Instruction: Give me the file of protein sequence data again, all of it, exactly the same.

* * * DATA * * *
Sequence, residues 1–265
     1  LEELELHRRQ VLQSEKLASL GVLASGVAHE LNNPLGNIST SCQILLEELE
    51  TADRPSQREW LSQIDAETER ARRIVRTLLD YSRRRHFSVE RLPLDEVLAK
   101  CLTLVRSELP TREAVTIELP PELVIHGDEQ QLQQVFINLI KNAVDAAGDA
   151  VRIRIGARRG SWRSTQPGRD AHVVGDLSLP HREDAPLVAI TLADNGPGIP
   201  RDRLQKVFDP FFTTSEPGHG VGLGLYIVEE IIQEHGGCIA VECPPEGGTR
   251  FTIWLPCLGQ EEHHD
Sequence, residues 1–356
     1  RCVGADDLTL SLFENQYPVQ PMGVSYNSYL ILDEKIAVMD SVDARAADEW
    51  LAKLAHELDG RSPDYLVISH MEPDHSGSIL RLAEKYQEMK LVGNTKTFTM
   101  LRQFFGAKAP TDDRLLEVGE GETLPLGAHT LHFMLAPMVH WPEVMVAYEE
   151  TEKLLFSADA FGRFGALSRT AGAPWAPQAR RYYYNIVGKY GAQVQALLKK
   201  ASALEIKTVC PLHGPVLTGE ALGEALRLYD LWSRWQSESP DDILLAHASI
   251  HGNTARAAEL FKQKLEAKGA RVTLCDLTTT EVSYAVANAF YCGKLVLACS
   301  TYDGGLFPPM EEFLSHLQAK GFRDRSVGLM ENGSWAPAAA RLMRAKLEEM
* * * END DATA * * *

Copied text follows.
Sequence, residues 1–265
     1  LEELELHRRQ VLQSEKLASL GVLASGVAHE LNNPLGNIST SCQILLEELE
    51  TADRPSQREW LSQIDAETER ARRIVRTLLD YSRRRHFSVE RLPLDEVLAK
   101  CLTLVRSELP TREAVTIELP PELVIHGDEQ QLQQVFINLI KNAVDAAGDA
   151  VRIRIGARRG SWRSTQPGRD AHVVGDLSLP HREDAPLVAI TLADNGPGIP
   201  RDRLQKVFDP FFTTSEPGHG VGLGLYIVEE IIQEHGGCIA VECPPEGGTR
   251  FTIWLPCLGQ EEHHD
Sequence, residues 1–356
     1  RCVGADDLTL SLFENQYPVQ PMGVSYNSYL ILDEKIAVMD SVDARAADEW
    51  LAKLAHELDG RSPDYLVISH MEPDHSGSIL RLAEKYQEMK LVGNTKTFTM
   101  LRQFFGAKAP TDDRLLEVGE GETLPLGAHT LHFMLAPMVH WPEVMVAYEE
   151  TEKLLFSADA FGRFGALSRT AGAPWAPQAR RYYYNIVGKY GAQVQALLKK
   201  ASALEIKTVC PLHGPVLTGE ALGEALRLYD LWSRWQSESP DDILLAHASI
   251  HGNTARAAEL FKQKLEAKGA RVTLCDLTTT EVSYAVANAF YCGKLVLACS
   301  TYDGGLFPPM EEFLSHLQAK GFRDRSVGLM ENGSWAPAAA RLMRAKLEEM